No, I’m not yet old enough to be contemplating a retired life filled with pilgrimages! Kashi comes to me, or rather I go to Kashi, as part of work…bless you and thank you for asking. It’s the title of one of my upcoming movies, and I’m playing the eponymous character. It’s but natural that we are shooting extensively in and around Varanasi. It’s also natural that I have fallen headlong in love…with the place, of course. It happens when you spend a lot of time with someone, or someplace. And Kashi, this town by the river, isn’t just any place. All those images, the stories, all that you’ve heard about the aarti on the ghats, that fabled sense of something being forever, transcendent…even the tug of all that put together doesn’t describe what you actually feel when you’re right there next to the Ganga. The all-pervasive spirituality of the place simply takes you over…like you are being enveloped by something greater. While I was shooting and sort of living the narrative, the film too felt beautifully in sync with that whole vibe. I felt so energised, so charged…that I seriously wish I could recommend it to everyone!
A life in films is not a usual occurrence for people, of course. Nor is it exactly what kids imagine it to be in their hormonally coloured imaginations. If only they knew the more mundane, prosaic parts—the uncertainty and doubts, the tedium, the play of chance that often goes against you—some of them might be less inclined to pursue this dream. I was lucky to get a head start of sorts, having been born into a family immersed in Gujarati theatre. So I had only a smaller bridge to cross to reach the world of films. Still, as I survey my own little budding filmography, I seem to be doing alright. My latest, 3 Storeys, is releasing early this month—I think it’s a pretty little film, revolving around some interestingly written characters, including mine of course. Kashi, my Banarasi detour, I see as part of this journey.
It’s been some journey too, and after Kashi you can excuse me if I wax a little philosophical! Looking back at my career, there’s nothing much that I’d change about the script so far. I have managed to get some really decent movies under my belt. Anyone would consider himself fortunate to have his name rolling up in the credits for 3 Idiots, Rang De Basanti, Life in A Metro…. As films, all unusual and atypical in their own way, and coming at a time when Bollywood was beginning to redefine itself.
As an actor, you also forge a strange relationship with the characters you play. Some performances get you noticed. That’s a real thrill, of course, when it happens! My part of Raju Rastogi in 3 Idiots, for example. Of all people, Mr (Amitabh) Bachchan said he enjoyed my performance. After that, I wouldn’t have wanted appreciation from anyone. But it’s something more than the appreciation. I’m just so glad Raju Hirani was able to perceive that character in me. All the characters I’ve done, I’ve related to that same way. Once you’ve done a role, you cannot undo it from your life.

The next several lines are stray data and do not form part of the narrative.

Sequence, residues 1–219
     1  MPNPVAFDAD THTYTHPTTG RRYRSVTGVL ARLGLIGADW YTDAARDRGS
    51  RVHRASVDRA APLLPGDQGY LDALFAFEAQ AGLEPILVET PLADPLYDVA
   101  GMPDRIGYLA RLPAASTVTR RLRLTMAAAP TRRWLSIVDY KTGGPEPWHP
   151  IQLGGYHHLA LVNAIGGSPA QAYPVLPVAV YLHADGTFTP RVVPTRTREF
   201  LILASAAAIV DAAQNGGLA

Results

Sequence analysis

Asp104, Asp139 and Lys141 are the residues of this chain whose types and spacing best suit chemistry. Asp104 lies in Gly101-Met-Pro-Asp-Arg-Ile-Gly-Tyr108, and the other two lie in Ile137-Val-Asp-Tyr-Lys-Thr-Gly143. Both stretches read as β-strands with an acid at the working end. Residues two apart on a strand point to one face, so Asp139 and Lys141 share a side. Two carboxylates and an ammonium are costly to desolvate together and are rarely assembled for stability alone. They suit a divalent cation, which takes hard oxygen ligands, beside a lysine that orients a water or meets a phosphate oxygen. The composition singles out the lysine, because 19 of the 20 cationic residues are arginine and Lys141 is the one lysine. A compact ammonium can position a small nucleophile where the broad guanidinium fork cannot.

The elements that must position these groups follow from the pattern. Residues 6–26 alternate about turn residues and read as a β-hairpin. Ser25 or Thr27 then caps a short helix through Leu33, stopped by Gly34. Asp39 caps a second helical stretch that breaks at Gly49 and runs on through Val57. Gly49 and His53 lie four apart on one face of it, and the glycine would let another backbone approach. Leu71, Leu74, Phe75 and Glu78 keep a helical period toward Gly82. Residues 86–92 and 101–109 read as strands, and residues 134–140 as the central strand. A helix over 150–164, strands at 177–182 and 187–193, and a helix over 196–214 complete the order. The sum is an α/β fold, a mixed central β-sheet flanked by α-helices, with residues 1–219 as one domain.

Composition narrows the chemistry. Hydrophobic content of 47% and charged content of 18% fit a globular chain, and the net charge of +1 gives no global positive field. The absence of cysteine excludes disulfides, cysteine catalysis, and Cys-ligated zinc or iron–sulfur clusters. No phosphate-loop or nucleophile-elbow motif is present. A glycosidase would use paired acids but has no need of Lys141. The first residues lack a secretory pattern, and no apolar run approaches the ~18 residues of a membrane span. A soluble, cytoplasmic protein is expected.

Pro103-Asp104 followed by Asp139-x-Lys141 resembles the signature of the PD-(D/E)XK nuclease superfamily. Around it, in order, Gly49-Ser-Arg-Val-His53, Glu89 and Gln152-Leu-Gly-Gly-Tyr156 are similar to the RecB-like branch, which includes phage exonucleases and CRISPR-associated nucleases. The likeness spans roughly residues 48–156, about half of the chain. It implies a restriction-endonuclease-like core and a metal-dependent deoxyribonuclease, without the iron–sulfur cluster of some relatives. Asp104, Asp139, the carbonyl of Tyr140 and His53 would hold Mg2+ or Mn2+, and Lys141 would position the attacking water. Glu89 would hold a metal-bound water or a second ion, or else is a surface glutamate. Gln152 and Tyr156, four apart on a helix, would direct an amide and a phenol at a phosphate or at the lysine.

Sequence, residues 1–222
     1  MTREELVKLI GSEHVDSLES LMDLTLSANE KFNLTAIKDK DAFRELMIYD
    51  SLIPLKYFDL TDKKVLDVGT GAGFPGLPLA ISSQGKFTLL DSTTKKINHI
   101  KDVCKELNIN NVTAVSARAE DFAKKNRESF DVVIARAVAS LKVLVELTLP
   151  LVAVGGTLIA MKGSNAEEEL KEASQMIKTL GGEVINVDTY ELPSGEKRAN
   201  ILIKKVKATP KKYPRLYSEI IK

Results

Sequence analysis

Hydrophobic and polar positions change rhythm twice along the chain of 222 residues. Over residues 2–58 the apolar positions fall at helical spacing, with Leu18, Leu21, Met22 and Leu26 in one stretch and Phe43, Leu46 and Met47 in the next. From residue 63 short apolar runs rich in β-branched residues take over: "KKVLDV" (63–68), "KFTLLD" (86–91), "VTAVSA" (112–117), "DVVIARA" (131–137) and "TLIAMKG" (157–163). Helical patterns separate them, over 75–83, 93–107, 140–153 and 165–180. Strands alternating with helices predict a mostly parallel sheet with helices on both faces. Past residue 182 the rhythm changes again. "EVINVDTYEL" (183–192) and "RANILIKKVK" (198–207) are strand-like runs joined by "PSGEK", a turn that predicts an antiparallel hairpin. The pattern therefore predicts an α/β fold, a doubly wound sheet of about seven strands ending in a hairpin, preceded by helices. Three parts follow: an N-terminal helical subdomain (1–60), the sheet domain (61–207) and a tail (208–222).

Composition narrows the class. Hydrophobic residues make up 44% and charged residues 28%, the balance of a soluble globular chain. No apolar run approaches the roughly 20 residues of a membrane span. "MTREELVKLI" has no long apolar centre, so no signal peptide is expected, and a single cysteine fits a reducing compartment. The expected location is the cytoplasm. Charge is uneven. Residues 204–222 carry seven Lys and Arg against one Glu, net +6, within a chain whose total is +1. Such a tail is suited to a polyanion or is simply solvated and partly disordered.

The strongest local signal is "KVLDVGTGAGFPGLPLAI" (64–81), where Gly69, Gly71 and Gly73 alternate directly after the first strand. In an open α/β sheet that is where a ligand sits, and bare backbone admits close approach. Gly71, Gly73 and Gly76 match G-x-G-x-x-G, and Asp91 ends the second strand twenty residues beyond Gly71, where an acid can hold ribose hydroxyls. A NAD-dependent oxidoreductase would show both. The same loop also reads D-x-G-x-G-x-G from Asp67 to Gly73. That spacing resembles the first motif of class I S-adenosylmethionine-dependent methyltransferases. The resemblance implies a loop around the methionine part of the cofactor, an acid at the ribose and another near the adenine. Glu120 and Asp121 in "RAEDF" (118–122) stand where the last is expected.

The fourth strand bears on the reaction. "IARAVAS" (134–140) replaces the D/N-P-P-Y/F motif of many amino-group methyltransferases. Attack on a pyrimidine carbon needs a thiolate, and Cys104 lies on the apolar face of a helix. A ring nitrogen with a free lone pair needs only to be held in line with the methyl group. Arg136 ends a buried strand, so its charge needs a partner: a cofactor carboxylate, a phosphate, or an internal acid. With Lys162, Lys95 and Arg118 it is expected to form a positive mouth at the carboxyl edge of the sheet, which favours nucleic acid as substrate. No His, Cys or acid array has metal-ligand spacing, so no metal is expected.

The films I’ve taken up recently, they have offered a double pleasure: critical acclaim for the projects, plus the sheer variety. Hate Story turned out to be a hit too, so I got my share of spotlight. But 1920 was a genre I’d never done before. Horror is something I’d always wanted to dabble in and now I’ve got something to scare my grandkids with! And yes, there was Golmaal: with the franchise growing, I’m sure characters needed to be changed in the sequels.
Perhaps each era in cinema unknowingly overestimates its own importance...it’s a guilty pleasure that cannot be denied to those in showbiz, whose very being revolves around creating a magnified view of things. There’s a lot of talk these days, for instance, about the apparent change in the taste of audiences. They prefer content-rich cinema today, or at least there’s an assumed consensus that it is so. In my opinion, perceptions keep changing, and so does the fondness audiences have for certain kinds of cinema. Content has never really been absent in this ever-evolving history. I’m glad to go along with my small part, whether it’s plain-vanilla or strawberry cinema. Filmmakers are not afraid to experiment with flavours, and that’s good for actors. But look at past personages—you get such élan, such force of personality! My father-in-law, veteran actor Prem Chopra, has been in the industry for over 50 years. And across countries, whenever I’m travelling, I still meet people who come up to me and talk about him. There’s the mystique right there. We simply cannot have another Prem Chopra!
(The writer is a noted Bollywood actor)